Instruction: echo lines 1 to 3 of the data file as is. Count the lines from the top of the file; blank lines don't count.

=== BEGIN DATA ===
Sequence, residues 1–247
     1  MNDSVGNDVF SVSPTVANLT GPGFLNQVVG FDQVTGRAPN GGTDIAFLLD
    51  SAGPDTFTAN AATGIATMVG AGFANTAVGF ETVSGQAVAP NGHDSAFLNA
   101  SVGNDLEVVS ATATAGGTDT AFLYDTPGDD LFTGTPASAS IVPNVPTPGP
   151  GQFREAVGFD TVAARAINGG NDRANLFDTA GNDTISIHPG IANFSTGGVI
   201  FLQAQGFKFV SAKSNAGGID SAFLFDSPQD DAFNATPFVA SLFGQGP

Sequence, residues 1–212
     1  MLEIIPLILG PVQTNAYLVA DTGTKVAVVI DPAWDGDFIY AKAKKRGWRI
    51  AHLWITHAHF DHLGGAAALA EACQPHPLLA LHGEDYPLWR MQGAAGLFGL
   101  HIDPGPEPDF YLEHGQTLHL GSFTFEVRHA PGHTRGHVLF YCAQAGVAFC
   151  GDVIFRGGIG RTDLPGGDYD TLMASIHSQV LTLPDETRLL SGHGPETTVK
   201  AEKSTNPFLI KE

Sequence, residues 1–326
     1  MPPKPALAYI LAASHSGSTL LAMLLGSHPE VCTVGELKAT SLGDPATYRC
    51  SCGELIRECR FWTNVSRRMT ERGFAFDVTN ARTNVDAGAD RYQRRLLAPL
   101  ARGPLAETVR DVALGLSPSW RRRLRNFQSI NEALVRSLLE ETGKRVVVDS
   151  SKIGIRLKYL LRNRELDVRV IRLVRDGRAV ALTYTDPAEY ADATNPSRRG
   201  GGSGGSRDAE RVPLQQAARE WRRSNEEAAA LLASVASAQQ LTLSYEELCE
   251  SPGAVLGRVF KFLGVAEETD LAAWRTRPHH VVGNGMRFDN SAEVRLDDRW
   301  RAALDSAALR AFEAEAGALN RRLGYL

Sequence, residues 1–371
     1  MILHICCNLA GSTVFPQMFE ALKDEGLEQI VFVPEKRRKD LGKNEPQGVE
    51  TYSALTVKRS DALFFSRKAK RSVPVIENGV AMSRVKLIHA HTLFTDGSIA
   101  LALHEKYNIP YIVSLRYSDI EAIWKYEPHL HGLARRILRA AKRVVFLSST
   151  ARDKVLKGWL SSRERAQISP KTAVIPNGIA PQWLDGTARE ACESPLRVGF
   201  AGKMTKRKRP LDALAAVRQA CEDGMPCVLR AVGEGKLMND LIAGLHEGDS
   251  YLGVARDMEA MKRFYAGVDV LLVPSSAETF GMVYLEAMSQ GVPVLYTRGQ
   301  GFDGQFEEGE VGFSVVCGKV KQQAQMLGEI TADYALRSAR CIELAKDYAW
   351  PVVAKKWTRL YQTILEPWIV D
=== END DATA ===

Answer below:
Sequence, residues 1–247
     1  MNDSVGNDVF SVSPTVANLT GPGFLNQVVG FDQVTGRAPN GGTDIAFLLD
    51  SAGPDTFTAN AATGIATMVG AGFANTAVGF ETVSGQAVAP NGHDSAFLNA